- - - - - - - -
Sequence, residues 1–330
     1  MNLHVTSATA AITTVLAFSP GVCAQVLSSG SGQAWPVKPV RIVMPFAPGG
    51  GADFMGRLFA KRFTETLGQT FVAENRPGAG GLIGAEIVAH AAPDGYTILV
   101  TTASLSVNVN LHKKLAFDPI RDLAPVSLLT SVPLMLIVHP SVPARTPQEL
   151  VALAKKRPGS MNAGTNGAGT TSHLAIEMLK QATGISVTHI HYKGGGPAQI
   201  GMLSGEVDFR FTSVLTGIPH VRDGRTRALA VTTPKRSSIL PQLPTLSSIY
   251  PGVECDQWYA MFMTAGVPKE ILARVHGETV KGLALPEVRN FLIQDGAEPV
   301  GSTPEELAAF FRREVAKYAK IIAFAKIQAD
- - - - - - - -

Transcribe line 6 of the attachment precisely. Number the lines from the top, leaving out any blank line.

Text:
   201  GMLSGEVDFR FTSVLTGIPH VRDGRTRALA VTTPKRSSIL PQLPTLSSIY